12. Cohen, S., Doyle, W. J., Turner, R. B., Alper, C. M., & Skoner, D. P. (2003). Emotional style and susceptibility to the common cold. Psychosomatic Medicine, 65(4), 652–657. doi: 10.1097/01.PSY.0000077508.57784.DA.CrossRefGoogle Scholar
  13. Costantini, G., Epskamp, S., Borsboom, D., Perugini, M., Mõttus, R., Waldorp, L. J., et al. (2015). State of the aRt personality research: A tutorial on network analysis of personality data in R. Journal of Research in Personality, 54, 13–29. doi: 10.1016/j.jrp.2014.07.003.CrossRefGoogle Scholar
  14. Cummins, R. A. (2013). Subjective well-being, homeostatically protected mood and depression: A synthesis. In A. Delle Fave (Ed.), The exploration of happiness (pp. 77–95). Amsterdam: Springer.CrossRefGoogle Scholar
  15. Diener, E. (2000). Subjective well-being: The science of happiness and a proposal for a national index. American Psychologist, 55(1), 34–43. doi: 10.1037/0003-066X.55.1.34.CrossRefGoogle Scholar
  16. Diener, E. (2009). The science of well-being: The collected works of Ed Diener. New York: Springer.CrossRefGoogle Scholar
  17. Diener, E., & Chan, M. Y. (2011). Happy people live longer: Subjective well-being contributes to health and longevity. Applied Psychology: Health and Well-Being, 3(1), 1–43. doi: 10.1111/j.1758-0854.2010.01045.x.Google Scholar
  18. Diener, E., Diener, M., & Diener, C. (1995). Factors predicting the subjective well-being of nations. Journal of Personality and Social Psychology, 69(5), 851–864. doi: 10.1037/0022-3514.69.5.851.CrossRefGoogle Scholar
  19. Diener, E., Emmons, R. A., Larsen, R. J., & Griffin, S. (1985). The satisfaction with life scale. Journal of Personality Assessment, 49(1), 71–75. doi: 10.1207/s15327752jpa4901_13.CrossRefGoogle Scholar
  20. Diener, E., Lucas, R. E., & Scollon, C. (2006). Beyond the hedonic treadmill: Revising the adaptation theory of well-being. American Psychologist, 61(4), 305–314. doi: 10.1037/0003-066X.61.4.305.CrossRefGoogle Scholar
  21. Emmons, R. A. (1986). Personal strivings: An approach to personality and subjective well-being. Journal of Personality and Social Psychology, 51(5), 1058–1068. doi: 10.1037/0022-3514.51.5.1058.CrossRefGoogle Scholar
  22. Emmons, R. A., & McCullough, M. E. (2003). Counting blessings versus burdens: An experimental investigation of gratitude and subjective well-being in daily life. Journal of Personality and Social Psychology, 84(2), 377–389. doi: 10.1037/0022-3514.84.2.377.CrossRefGoogle Scholar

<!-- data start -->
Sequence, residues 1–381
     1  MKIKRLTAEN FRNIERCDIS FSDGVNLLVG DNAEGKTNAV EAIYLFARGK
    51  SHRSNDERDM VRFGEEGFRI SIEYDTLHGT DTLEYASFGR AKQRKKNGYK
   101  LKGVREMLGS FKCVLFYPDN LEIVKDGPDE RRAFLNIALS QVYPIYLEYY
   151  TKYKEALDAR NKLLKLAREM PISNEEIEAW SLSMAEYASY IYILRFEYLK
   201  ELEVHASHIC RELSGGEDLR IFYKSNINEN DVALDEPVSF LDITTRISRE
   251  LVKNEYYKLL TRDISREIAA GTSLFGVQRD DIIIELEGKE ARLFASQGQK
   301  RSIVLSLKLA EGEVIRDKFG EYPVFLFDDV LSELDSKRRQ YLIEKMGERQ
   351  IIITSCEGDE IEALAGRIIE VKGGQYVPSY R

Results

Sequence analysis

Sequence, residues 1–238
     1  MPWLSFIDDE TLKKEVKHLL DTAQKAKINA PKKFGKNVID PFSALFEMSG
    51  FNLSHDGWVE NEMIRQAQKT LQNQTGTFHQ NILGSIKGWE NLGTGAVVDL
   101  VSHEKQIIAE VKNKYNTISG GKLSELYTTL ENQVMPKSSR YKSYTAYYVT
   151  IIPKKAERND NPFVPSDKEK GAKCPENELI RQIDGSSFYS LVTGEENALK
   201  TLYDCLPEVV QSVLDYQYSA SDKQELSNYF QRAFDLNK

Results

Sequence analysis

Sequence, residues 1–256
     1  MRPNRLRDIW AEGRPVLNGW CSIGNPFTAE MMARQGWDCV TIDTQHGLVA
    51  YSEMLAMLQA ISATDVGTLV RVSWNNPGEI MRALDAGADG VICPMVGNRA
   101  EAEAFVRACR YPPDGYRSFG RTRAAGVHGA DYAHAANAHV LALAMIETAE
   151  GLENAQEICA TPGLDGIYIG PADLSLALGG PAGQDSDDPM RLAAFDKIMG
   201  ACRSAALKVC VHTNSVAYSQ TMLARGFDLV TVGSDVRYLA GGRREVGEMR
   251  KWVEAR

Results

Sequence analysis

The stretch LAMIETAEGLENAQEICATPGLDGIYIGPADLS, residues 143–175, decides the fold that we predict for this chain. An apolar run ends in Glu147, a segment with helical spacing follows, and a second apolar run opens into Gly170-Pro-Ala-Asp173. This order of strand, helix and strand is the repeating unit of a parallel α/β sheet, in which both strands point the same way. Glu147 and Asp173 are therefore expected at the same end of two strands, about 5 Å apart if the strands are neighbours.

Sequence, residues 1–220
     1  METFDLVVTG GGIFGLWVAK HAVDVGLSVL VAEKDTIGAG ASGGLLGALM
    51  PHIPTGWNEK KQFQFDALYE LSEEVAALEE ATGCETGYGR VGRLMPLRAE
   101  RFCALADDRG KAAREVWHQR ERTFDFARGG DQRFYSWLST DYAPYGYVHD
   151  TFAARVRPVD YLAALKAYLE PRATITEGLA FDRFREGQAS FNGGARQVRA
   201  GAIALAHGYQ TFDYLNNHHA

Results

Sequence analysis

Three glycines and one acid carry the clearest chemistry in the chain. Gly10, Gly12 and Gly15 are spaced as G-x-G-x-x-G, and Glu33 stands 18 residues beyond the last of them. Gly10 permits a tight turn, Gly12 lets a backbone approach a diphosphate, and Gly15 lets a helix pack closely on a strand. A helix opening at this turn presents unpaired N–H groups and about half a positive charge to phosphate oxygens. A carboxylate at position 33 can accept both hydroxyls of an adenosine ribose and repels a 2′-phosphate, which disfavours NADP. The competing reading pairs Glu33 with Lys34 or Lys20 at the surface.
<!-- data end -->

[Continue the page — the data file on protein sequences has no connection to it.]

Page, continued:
23. Figueredo, A. J., Vásquez, G., Brumbach, B. H., Schneider, S. M., Sefcek, J. A., Tal, I. R., et al. (2006). Consilience and life history theory: From genes to brain to reproductive strategy. Developmental Review, 26(2), 243–275. doi: 10.1016/j.dr.2006.02.002.CrossRefGoogle Scholar
  24. Frey, B. S., & Stutzer, A. (2010). Happiness and economics: How the economy and institutions affect human well-being. Princeton, NJ: Princeton University Press.CrossRefGoogle Scholar
  25. Fujita, F., & Diener, E. (2005). Life satisfaction set point: Stability and change. Journal of Personality and Social Psychology, 88(1), 158–164. doi: 10.1037/0022-3514.88.1.158.CrossRefGoogle Scholar
  26. Hayes, A. F. (2009). Beyond Baron and Kenny: Statistical mediation analysis in the new millennium. Communication Monographs, 76(4), 408–420. doi: 10.1080/03637750903310360.CrossRefGoogle Scholar
  27. Hayes-Roth, B., & Hayes-Roth, F. (1979). A cognitive model of planning. Cognitive Science, 3(4), 275–310. doi: 10.1207/s15516709cog0304_1.CrossRefGoogle Scholar
  28. Husman, J., & Lens, W. (1999). The role of the future in student motivation. Educational Psychologist, 34(2), 113–125. doi: 10.1207/s15326985ep3402_4.CrossRefGoogle Scholar
  29. Husman, J., & Shell, D. F. (2008). Beliefs and perceptions about the future: A measurement of future time perspective. Learning and Individual Differences, 18(2), 166–175. doi: 10.1016/j.lindif.2007.08.001.CrossRefGoogle Scholar
  30. Iyengar, S. S., Wells, R. E., & Schwartz, B. (2006). Doing better but feeling worse: Looking for the “best” job undermines satisfaction. Psychological Science, 17(2), 143–150. doi: 10.1111/j.1467-9280.2006.01677.x.CrossRefGoogle Scholar